A recent edition of the BBC’s Victoria Derbyshire programme highlighted a distressing issue which certainly merited the broader recognition which this publicity achieved.
The programme concentrated on the plight of transgender patients who, faced with lengthy waiting times to see NHS specialists, resort to buying hormones online from unregulated sources.
Reading this, you may be thinking that, although this is concerning, it remains an issue which is unlikely to affect large numbers of your clients’ employees. But Aviva is seeing an increasing number of requests from large corporate customers who want support in helping members of staff encountering difficulties of this kind. Thankfully, workplaces are becoming more inclusive and employee needs which might once have been dealt with awkwardly – or considered taboo – are now being openly discussed. Many of us want to support this.
Self-medication carries obvious dangers to health. But even for people who manage to negotiate gender transition without feeling forced to such a risky measure, long waits to access treatment can have other negative effects. While gender dysphoria – lack of identification with a person’s birth-assigned gender – is not a mental health condition, the pressures of living with a gender mismatch can certainly contribute to mental health problems.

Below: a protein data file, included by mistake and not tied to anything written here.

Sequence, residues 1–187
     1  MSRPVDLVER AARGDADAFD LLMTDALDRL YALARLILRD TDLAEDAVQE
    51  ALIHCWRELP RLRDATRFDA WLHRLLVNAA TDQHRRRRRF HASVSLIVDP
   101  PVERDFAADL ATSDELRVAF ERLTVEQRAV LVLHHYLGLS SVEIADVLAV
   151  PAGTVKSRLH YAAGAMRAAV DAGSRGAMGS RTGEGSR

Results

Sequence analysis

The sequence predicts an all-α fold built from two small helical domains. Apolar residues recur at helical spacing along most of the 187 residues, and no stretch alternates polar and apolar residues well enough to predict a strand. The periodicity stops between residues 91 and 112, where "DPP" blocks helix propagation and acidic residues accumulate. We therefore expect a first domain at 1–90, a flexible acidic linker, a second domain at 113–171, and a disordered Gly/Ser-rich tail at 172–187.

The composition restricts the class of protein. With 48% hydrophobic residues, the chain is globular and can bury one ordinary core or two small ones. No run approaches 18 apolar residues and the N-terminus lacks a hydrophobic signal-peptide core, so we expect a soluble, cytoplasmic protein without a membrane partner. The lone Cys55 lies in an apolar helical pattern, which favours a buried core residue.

NHS gender identity clinics have a range of professionals in many clinical disciplines, all working together in the same setting to support the patient. But the number of these clinics is limited, so waiting times can be lengthy. And although it is great that the need for additional support is recognised, providing it is, understandably, not something that will happen overnight.
The role of private care provision is expanding within today’s changing workplace – and supporting transgender employees seems to be a perfect example of one area in which employers can demonstrate their duty of care to good effect. We know that mental health care, such as counselling, can be one of the most important steps to take if individuals are experiencing any mental health conditions related to gender dysphoria.
Employers who are seeking to support a trans-inclusive workplace can also take advantage of a growing supply of resources, including workplace events, toolkits and expert-delivered guidance on best practice. Pointing your clients in the direction of the stonewall. org.uk website is a good way to help them set out on this journey.
A culture of openness and inclusivity within the workplace is, of course, the first requirement for good intentions to take effect – and we should all do what we can to encourage this, as well as helping to introduce employers to the practical steps they can take to help bring employees the support they need.
In a working environment where employees are increasingly looking to their
employer for support with health and wellbeing issues, businesses which respond sensitively to those needs stand to benefit from improved staff loyalty and can only enhance their reputation as good employers. They will also foster the spirit of inclusivity and mutual support which allows all workers to perform at their best – something that’s almost impossible to do if you can’t be yourself at work.
Surely that’s something that all of us can do our bit to encourage.